We continued along the road in the direction of Heysham. We did follow the A683 that takes heavy traffic to the harbour, though there is a cycle path for safety. The reason for this slight diversion was to view the inn sign for the Duke of Rothesay, a signboard with a nautical theme. The illustration was based on a popular postcard view of the T.S.S. Duke of Rothesay, a steamer passenger ship commissioned by the London Midland and Scottish Railway to operate as a passenger ferry on the Heysham to Belfast route. Built at William Denny and Brothers of Dumbarton, the vessel was completed in 1928. The Duke of Argylll and Duke of Lancaster were sister ships. The Duke of Rothesay was both a trooping ship and hospital during the Second World War and was used during the Normandy invasion of June 1944. The steamer ship had a relatively short lifespan and was decommissioned in the mid-1950's. The vessel was dismantled at Milford Haven by which time a successor had been put into service by British Railways.
At this point of the journey you may think that Heysham is blighted by ugly modern development and an industrial mishmash. However, the heart of the old village will raise your spirits. Of key historical interest are the stone graves in the ruins of the ancient St. Patrick's Chapel, close to St. Peter's Church. A great idea is to park and lock your bicycle at the nearby Royal Hotel and walk to the present church and ruins of the old chapel. Cut out of the sandstone, the stone graves are thought to date from the 10th century, relative 'new' additions to the landscape compared to the chapel, the origins of which are probably two hundred years older. Discovered as recently as 1995, the nearby rocks feature a rare pre-Roman labyrinth, the only other example in Britain being at Tintagel in Cornwall.
St. Peter's Church is thought to have been built on the site of an older Saxon chapel. Some of the fabric is claimed to be from the 8th century building. Built with sandstone rubble with a stone slate roof, the chancel dates from the mid-14th century with a south aisle added some two hundred years later. A north aisle was added in 1864. The interior has plenty of interest, notably the a Viking hogback stone and a medieval sepulchral slab with a floriated cross and sword.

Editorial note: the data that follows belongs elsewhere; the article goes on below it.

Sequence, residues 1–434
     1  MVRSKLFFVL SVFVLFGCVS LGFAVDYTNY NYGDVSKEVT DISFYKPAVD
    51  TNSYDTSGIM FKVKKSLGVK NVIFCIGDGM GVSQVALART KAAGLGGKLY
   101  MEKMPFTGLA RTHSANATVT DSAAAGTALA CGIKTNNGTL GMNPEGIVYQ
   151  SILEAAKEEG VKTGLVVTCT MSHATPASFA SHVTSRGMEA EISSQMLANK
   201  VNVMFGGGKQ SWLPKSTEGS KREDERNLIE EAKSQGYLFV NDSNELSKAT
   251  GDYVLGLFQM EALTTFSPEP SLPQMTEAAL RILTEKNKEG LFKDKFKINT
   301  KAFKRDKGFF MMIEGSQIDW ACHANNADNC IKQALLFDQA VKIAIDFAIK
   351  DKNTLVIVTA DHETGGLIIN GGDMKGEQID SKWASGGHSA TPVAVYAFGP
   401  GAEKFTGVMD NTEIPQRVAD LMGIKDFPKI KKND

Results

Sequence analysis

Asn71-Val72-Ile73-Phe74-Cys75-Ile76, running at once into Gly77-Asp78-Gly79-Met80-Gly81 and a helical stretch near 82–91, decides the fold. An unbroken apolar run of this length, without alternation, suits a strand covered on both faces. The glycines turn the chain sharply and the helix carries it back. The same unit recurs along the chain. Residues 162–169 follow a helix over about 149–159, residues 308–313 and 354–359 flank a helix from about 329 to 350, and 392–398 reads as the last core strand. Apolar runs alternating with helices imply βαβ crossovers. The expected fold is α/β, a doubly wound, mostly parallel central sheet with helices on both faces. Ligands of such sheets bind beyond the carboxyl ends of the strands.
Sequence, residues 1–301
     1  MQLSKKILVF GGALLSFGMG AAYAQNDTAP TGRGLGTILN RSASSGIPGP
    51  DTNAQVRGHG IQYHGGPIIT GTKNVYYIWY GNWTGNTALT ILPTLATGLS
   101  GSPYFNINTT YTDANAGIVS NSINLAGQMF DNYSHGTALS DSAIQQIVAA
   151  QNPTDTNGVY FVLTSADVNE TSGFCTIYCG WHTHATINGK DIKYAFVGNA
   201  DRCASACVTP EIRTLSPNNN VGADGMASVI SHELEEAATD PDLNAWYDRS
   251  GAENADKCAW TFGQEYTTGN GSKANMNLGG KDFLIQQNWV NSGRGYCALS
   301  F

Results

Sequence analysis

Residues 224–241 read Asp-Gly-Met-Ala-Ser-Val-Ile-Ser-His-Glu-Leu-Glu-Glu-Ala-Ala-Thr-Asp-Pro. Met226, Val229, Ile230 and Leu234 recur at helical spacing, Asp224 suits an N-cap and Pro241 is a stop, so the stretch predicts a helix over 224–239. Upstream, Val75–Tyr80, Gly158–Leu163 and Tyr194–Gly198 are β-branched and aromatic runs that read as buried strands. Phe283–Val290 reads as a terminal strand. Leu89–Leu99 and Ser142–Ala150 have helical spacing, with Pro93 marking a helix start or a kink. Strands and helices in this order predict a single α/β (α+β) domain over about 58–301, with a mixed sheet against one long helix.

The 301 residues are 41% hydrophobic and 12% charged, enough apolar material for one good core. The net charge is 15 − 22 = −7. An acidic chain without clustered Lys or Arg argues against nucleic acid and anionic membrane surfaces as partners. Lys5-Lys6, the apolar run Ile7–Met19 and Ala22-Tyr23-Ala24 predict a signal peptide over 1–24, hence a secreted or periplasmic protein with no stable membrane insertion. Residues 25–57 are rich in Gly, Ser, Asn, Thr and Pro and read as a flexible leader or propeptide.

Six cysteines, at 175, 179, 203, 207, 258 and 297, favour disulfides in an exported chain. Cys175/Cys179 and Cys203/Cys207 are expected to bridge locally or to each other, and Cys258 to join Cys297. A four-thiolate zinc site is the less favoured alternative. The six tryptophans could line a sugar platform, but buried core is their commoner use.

With views across Morecambe Bay and the Lake District forming a backdrop, the panorama from St. Peter's is magnificent. Little wonder that J. M. W. Turner put brush to canvas when visiting Heysham in the 1790's. It is a real wrench to tear yourself away from this location. Mind you, the lure of a decent pub is tolerable compensation. The Royal Hotel dates from the mid-18th century and is noted for its fine snug. The passage from the entrance is rather nice too. The timber and leaded-glass screen features a service hatch. Much of the interior dates from a 1930's refurbishment and is a good example of the type of pub regional breweries favoured during the inter-war years. We found the pub selling some rather good ales, including By The Horns Lambeth Walk, a dark porter. On the opposite end of the tastebud scale was the grapefruit-laced Oakham Citra.
These days it is possible to drink in the Royal Hotel on Sunday's. However, this was not the case for much of the late 19th century and up until March 1949 when the pub's seven day licence was restored. In the early Victorian days the inn was owned by the Rector of Heysham, Reverend Royds. Legend has it that when church attendances declined in the middle of the 19th century the vicar went to the village squire at Heysham Hall and a gentlemen's agreement was struck in which the Royal would be closed on Sundays as long as the village off-licence, owned by the squire, was also closed for business.